A while back the UK coalition government announced the creation of the Big Society. It has been hailed as a way to give power to local communities and criticised as a way of introducing spending cuts. One potential drawback is that it could give more power to people who are intent on pushing their own financial agendas. But, what about us outdoor enthusiasts? Are there likely to be any positive or negative outcomes for hikers, climbers and mountaineers? There are certainly people out there who are not sympathetic towards walkers and climbers, and who may try to use it to hinder our activities. All is not bleak however, enter the BMC. The British Mountaineering Council (BMC) has recently published an article about how it intends to embrace the Big Society for the benefit of its members and the natural environment.
The BMC and the Big Society
The BMC has over 70,000 members and 500 regular volunteers who they say already accomplish much of the type work intended to be done under the Big Society.
[Our volunteers] are involved in all areas of work, from access
and conservation to training and the technical aspects of climbing and mountaineering. Our volunteers are adept at planning and running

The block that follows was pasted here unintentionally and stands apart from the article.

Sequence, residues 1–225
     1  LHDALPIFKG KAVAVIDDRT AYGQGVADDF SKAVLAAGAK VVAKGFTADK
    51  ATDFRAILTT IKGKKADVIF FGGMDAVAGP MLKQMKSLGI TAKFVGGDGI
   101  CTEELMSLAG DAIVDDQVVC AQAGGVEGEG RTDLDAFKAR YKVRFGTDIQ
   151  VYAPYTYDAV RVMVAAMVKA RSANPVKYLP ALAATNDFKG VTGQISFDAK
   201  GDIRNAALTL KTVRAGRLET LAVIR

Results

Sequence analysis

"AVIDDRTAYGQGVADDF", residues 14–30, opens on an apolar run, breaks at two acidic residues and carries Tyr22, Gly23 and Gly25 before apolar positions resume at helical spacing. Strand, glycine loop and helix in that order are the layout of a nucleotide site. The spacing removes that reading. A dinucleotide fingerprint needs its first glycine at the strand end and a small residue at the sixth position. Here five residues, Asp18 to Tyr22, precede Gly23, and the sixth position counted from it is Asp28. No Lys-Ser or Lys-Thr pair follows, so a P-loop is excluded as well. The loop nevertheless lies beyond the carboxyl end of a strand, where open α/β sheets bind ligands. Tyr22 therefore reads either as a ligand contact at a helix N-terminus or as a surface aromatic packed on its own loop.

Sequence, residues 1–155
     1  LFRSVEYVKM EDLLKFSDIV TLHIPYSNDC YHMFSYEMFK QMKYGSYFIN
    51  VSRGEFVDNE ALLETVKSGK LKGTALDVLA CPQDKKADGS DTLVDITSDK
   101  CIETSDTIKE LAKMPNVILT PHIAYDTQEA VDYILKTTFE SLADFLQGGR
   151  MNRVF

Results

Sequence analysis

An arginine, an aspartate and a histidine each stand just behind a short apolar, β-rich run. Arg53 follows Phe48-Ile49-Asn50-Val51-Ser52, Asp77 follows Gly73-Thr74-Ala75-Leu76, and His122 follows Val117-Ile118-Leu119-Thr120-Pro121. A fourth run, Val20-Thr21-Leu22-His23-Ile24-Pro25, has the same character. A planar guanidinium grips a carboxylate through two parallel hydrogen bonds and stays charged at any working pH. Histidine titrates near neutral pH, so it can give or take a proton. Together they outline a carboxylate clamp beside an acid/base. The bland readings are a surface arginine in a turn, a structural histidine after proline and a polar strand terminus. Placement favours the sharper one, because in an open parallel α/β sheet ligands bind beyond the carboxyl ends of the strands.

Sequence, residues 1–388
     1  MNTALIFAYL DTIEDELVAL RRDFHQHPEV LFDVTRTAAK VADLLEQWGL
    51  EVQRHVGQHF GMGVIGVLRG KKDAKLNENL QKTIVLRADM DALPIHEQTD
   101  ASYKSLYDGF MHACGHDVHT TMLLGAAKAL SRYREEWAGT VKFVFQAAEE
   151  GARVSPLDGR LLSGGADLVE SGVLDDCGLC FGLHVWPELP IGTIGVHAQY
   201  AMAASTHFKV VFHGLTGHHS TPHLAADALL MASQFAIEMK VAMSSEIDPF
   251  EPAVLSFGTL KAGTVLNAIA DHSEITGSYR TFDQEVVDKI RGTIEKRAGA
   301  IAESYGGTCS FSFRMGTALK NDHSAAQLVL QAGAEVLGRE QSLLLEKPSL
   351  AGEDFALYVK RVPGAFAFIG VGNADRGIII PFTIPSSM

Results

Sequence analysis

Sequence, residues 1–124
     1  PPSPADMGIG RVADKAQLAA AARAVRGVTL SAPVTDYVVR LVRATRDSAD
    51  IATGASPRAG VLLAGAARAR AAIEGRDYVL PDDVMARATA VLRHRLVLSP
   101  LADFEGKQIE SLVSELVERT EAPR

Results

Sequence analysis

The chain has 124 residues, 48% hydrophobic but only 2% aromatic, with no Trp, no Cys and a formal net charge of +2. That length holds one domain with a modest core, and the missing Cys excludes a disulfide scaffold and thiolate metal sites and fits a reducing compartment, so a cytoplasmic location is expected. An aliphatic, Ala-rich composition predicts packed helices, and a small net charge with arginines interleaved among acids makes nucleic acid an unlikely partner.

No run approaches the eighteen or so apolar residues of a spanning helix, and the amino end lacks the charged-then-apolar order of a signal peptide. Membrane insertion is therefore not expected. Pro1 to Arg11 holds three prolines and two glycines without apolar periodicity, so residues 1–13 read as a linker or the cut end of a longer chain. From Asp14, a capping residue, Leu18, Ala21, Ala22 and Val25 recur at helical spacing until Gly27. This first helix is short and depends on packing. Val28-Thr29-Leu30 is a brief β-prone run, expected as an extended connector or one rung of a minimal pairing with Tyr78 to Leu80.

events around the country and are at the forefront of crag and landscape restoration projects.
Since the BMC are already active in the areas of conservation, access rights and land management, they are in a great position to deliver a cherished natural environment.
The key strength of the BMC is their large number of volunteers whose work and decisions drive the BMC, which is representative of the Big Society.
The BMC’s strength also lies in the quality of advice given to our members and the wider community (big society) on how best to engage
and respect the natural environment whilst enjoying its unique qualities. As a land owner…we have expertise in environmentally sensitive land management practices, volunteering and working in partnership with other bodies. This benefits both recreation and conservation and is increasingly called upon by private landowners, communities and recreational organisations.
The BMC intend to include everyone across our communities to work together, to combine healthy lifestyles, conserve our shared natural environment and provide training and encouragement necessary to enable everyone to participate in walking, climbing and mountaineering.
With the enthusiasm, commitment and skills of the BMC and its volunteers, the Big Society could indeed deliver benefits for outdoor enthusiasts. If you’re interested in finding out more, please visit the BMC’s website.